All along you can feel the old world hue in Side, shades of history dating back to the Persians, Alexander the Great, Macedonians, Ptolemaians and Seleucids, and then the Roman. During the Roman rule, the city bloomed, and it became Anatolia’s capital and a Roman Navy base. The town continued to expand during the Early Byzantine period, before declining from the 7th century A.D. onwards during the Arab raids and later being completely abandoned by the 13th century after the takeover by the Seljuks. For almost six centuries, up to the 19th century, Side remained abandoned. After the fall of the Ottoman empire, Side stepped back into the shadows as a small, fishing village, before turning into a holiday destination.

But the real pleasures are further in, as you go further into the town to discover the antiquities of the past. Eastside is a charming walk – less crowded, has a backdrop of the Taurus mountains, an ancient harbor, cozy waterfront restaurants, and comfortable cafes, cobbled streets lined with interesting shops, and bundles of history. I reached the main market area where the remnants of the public platform are still intact. Besides that, is the main attraction of Side, the giant roman amphitheater for the gladiator fights.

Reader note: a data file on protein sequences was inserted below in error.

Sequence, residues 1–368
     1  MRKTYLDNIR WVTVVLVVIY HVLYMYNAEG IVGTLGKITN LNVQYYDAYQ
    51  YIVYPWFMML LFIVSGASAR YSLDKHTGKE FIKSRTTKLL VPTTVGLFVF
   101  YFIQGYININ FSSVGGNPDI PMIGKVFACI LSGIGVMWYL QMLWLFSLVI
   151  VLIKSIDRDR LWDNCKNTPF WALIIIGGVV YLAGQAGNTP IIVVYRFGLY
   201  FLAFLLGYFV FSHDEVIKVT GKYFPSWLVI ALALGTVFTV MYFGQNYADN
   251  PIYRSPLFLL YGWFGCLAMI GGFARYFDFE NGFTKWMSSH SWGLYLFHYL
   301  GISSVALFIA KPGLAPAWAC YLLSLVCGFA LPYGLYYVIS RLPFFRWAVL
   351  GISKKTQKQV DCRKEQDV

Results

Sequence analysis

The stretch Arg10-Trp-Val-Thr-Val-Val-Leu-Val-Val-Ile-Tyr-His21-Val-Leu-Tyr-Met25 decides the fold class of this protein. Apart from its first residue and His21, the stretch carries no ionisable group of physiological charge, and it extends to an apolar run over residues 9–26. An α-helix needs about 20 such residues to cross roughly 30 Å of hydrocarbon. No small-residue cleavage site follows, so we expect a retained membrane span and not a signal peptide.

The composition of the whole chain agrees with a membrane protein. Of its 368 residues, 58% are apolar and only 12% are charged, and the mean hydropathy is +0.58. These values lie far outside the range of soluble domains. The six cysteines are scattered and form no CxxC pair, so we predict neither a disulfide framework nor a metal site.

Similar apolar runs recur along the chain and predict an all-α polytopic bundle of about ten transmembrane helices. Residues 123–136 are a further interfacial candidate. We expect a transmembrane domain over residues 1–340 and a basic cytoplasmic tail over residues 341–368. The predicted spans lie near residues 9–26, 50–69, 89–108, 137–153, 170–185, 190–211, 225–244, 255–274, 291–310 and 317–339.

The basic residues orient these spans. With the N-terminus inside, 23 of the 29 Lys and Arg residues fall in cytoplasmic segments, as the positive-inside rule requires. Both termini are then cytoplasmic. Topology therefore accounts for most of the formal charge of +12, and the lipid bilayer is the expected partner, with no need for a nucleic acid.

Met these travelers in Side who run a cute cafe. These bike riders have traveled the length and breadth of Turkey on their bikes.

A little ahead is the main gate, dating back to the 2nd century, and then the monumental fountain, which used to be the largest fountain in Anatolia in the 2nd century. The fountain and the colonnaded courtyard around it, speak of the architectural dexterity of that era. Through the gate of the ancient city, you come to a street flanked by colonnades. Water from as far as Manavgat river was fuelled to provide water to the fountain through aqueducts, splendid examples of human ingenuity.